Need some inspiration? Nothing beats Olympic inspiration when it comes to winning at life and your money. Seriously — let me show you.
The person owning an Olympic medal embodied the best performance that the human race had to offer at a given point in time.
The performance they gave to win that medal reflected all of the efforts, training, and persistence of every athlete in the world who competed against one another and pushed each other closer to the outer edges of human ability. Those few people that define the outer edge of human ability are the ones that make it to the Olympics, by pushing the gold medal that much further away from the average person’s reach.
This is the result from training their bodies in grueling workouts, eating specific diets, purposeful meditation, and visualizing. Yet all of that effort — rearranging one’s entire life over the course of years — is not necessarily enough to secure a seat in the Olympic competition.
Olympic medalists have experienced incredible pressure both physically and mentally.
Yet many of them found a zone of intense focus that allowed them to perform at incredible levels. Having spent years developing their bodies, honing their minds, and then days competing at this peak performance, I am confident that Olympians have some wisdom to pass along to the rest of us.
Psst: Ever wondered how do Olympic athletes earn a living?
Here are some quotes from Olympic athletes who have met their personal goals and how the wisdom can help the rest of us meet our financial goals. Talk about some awesome Olympic inspiration!
Quote: “…I'm not going to limit myself by nominating times or anything like that. I never thought I'd do 14:34 and I did. I thought I'd maybe do 14:38 or 14:39 that day, and I went nearly five seconds quicker so I don't want to limit the possibilities”. – Grant Hackett
My father said something similar to me many years ago when I defined a boundary for myself.
He said “Don’t do that to yourself. Don’t limit what you might be able to do.” I love to define limits, specifically in finances. This could be the 50% I wish to save of our after tax income in 2012, or the number in my head that I want to be making in income by the end of the year. It makes me comfortable in my capabilities of achieving goals. But what if I didn’t call out my own limits ahead of time? What if I just kept going until my mind and body told me it was time to stop? Who knows how far I might go.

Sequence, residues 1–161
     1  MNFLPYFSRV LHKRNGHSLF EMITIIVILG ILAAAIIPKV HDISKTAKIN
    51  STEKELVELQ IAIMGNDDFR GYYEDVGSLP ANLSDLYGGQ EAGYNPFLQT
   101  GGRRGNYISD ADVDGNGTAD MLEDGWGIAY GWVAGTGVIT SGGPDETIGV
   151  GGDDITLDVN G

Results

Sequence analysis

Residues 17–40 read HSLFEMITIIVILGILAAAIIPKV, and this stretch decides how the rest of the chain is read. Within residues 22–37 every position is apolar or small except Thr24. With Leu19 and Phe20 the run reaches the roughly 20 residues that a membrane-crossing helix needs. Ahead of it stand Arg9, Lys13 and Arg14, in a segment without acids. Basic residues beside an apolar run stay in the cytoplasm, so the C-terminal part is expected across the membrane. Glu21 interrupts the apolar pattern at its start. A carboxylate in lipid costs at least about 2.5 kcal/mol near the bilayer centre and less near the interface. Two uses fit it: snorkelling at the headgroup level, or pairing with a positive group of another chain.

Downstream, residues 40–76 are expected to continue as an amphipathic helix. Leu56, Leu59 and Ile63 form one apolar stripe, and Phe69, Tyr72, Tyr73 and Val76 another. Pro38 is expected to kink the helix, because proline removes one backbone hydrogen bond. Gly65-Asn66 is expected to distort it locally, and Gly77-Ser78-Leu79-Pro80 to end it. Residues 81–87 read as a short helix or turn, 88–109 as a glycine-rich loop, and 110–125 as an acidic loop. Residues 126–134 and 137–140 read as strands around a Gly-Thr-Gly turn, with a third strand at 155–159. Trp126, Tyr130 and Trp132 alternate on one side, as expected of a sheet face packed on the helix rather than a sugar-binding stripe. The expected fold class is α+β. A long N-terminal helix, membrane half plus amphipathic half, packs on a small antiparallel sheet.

A way I have found to combat my natural tendency to set my own limits is when I reach a goal, I go a step further. If I still feel comfortable and capable, I take it a step further. For example, if you save the amount that you wanted for yourself, save an additional few hundred dollars on top of that. If that feels good, go for another few hundred dollars. If you have made your debt-paying goal for the month, stretch yourself further by throwing an extra $50 more onto the payment.
Quote: “…champions are made by the things you accomplish and the way you use your abilities in everyday life situations.” – Bob Beamon, world record holder for long jump from 1968 to 1991.
It’s not necessarily the large decisions that will help us to meet our goal but rather the smaller, everyday decisions we are met with that we can make a real difference. Being a true champion for our goals and causes happens when we make the decisions each day to work towards what we want. We may not be completely out of debt, but we don’t need to stop at the store on the way home to add to it. We may not have saved as much money as we wanted to last month, but today we can choose to figure out how to do better next month.Being a true champion for our goals and causes happens when we make the decisions each day to work towards what we want. Click To Tweet
Quote: “Nothing is impossible. With so many people saying it couldn't be done, all it takes is an imagination.” – Michael Phelps, 16-time Olympic medalist in swimming events.